Tom Kundig, FAIA

Olson Kundig Architects, Seattle

About 10 years ago I had the good fortune to visit Maison de Verre in person. It had a strong and immediate influence on me. It gave me a sense of confidence about what a house could be, both conceptually and at the level of craft and detail.

Beyond those aspects, there’s the cultural and poetic, prospect and refuge, inventiveness—essentially Maison de Verre is an exploration of what it means to be a house. It explores all those things and builds upon tradition. The Latin root of the word “tradition” means to surrender or to give over—basically it’s about accepting rather than exploring. Ultimately it’s about shelter, but it embodies so much more: notions of yin and yang, both tectonic and poetic ideas. It’s practical, yet expressive. It provides everything you need, from shelter to culture.

Norman and Doris Fisher House - Louis Kahn. Image © Grant Mudford

Two Different Lives

Fisher House by Louis Kahn, Hatboro, Pa., 1967

Daryn Edwards, AIA

Blackney Hayes Architects, Philadelphia

This house is on a suburban street, surrounded by typical suburban houses from the early- to mid-20th century. It’s on a beautiful plot, with a stream that runs through the backyard. The house is basically composed of two juxtaposed cubes. The slightly smaller one holds the living room, dining room, and kitchen, and the larger [one] encompasses the entry, the bedrooms, and bathrooms.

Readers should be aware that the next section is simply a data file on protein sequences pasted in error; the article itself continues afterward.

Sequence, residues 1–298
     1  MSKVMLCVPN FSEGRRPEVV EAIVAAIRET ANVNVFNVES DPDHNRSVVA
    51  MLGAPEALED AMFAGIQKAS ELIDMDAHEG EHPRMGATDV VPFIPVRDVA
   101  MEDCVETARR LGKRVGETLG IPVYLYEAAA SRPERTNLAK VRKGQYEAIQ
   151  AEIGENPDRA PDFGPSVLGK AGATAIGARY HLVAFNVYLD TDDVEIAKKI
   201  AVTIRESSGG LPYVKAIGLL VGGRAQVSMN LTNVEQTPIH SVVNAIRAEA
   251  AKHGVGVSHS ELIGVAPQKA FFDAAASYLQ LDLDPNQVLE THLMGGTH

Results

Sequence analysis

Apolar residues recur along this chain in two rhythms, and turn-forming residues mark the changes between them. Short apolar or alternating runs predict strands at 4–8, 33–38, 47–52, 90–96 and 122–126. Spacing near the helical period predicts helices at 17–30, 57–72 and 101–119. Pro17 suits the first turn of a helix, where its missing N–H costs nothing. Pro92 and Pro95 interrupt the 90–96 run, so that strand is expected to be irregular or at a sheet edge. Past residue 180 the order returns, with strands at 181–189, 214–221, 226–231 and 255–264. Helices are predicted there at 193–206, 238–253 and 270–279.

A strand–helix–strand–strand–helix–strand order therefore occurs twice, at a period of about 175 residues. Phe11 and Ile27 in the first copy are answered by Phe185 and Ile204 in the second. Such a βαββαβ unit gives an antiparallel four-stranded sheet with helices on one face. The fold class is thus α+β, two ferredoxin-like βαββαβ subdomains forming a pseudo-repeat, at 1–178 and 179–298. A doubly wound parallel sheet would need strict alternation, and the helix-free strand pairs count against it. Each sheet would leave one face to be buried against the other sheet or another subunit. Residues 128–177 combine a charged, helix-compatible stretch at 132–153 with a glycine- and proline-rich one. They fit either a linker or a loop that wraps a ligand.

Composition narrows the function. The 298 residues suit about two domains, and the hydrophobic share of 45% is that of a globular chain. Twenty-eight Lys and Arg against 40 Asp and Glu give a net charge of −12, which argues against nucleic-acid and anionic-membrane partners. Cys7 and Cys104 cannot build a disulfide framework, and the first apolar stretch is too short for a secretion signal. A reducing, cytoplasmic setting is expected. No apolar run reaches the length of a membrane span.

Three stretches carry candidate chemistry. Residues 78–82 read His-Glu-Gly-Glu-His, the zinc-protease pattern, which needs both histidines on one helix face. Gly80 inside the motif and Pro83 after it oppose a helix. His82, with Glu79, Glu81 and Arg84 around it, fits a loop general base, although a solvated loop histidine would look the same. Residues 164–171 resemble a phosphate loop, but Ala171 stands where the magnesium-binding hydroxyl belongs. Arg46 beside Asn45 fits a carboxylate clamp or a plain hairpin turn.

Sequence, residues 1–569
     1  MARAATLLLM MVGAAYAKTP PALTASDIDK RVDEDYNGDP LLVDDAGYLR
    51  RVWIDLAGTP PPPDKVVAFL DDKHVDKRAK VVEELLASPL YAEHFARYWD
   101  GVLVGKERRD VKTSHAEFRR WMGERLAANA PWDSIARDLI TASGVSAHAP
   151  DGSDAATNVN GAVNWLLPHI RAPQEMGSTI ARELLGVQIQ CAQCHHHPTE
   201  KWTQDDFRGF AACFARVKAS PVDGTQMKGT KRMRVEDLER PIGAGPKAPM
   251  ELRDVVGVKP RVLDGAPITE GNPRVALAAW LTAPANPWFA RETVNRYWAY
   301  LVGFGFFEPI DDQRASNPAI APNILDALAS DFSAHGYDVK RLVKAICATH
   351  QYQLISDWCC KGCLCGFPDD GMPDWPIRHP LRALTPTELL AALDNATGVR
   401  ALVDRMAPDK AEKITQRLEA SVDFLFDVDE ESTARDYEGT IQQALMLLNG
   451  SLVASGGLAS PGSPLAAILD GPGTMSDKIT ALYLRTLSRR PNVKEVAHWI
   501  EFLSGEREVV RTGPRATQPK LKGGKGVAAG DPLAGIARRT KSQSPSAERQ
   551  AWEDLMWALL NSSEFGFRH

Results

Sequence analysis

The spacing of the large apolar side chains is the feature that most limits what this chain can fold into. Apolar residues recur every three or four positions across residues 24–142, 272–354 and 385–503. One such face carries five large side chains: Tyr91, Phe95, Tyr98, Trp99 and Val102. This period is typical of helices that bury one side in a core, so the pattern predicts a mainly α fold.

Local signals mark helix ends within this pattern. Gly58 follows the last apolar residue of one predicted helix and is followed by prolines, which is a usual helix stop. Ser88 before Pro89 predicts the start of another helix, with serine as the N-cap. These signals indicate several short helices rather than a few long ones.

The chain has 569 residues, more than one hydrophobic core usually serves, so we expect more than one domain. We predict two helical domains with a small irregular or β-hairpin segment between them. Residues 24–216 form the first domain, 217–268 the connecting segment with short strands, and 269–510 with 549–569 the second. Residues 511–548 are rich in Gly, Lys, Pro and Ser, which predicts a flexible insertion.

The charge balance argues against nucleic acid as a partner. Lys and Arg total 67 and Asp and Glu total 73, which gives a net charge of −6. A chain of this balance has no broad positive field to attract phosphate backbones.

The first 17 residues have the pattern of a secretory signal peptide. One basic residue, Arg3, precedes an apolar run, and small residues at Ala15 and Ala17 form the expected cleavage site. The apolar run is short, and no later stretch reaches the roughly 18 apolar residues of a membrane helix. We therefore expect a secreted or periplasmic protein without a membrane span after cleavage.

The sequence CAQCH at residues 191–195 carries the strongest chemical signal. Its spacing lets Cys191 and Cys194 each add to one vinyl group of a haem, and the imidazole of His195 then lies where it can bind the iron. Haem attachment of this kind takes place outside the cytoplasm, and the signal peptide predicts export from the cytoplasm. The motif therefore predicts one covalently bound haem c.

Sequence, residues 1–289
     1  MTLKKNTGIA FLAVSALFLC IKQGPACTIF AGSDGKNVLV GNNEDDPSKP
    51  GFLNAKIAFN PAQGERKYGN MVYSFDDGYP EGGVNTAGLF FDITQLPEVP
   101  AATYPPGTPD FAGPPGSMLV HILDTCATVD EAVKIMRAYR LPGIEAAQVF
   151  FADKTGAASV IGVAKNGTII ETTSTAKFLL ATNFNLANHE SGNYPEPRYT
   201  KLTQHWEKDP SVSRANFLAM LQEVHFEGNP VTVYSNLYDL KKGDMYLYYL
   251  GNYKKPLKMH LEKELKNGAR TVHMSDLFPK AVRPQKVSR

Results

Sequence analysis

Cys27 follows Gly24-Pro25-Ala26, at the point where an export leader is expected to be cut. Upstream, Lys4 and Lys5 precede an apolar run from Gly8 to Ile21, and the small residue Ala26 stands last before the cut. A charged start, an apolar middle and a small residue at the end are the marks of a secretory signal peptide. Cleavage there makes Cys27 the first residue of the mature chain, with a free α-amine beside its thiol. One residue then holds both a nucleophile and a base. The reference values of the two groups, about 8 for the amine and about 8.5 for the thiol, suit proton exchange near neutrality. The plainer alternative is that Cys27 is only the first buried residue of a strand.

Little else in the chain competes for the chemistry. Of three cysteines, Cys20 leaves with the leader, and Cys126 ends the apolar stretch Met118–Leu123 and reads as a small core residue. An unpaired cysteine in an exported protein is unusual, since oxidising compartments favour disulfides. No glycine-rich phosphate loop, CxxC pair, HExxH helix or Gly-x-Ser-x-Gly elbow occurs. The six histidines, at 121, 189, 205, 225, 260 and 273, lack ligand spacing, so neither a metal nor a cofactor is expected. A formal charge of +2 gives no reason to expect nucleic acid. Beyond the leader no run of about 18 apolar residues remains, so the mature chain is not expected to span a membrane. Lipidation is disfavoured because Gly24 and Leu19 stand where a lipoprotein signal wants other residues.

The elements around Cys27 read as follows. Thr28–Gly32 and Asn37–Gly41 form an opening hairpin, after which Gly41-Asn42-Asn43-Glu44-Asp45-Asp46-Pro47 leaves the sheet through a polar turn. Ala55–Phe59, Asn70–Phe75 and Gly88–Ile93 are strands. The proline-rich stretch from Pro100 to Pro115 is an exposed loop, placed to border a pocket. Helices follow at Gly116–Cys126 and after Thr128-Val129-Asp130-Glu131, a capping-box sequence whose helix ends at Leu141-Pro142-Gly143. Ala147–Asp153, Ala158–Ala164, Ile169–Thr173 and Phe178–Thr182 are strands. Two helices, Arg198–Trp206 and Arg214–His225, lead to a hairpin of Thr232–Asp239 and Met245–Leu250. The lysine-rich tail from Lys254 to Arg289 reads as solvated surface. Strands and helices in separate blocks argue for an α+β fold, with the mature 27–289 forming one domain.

The proportions of the inside spaces, and how they shape your experiences, are what’s most amazing about it. The openness of the floor plan and the high proportions of the rooms in the public areas of the house give it a light Modern feeling that’s very different, for example, from the Philadelphia row house where I live. The Fisher House has large windows and raised ceilings that bring the outside into the gathering areas, but that offer privacy in the bedrooms.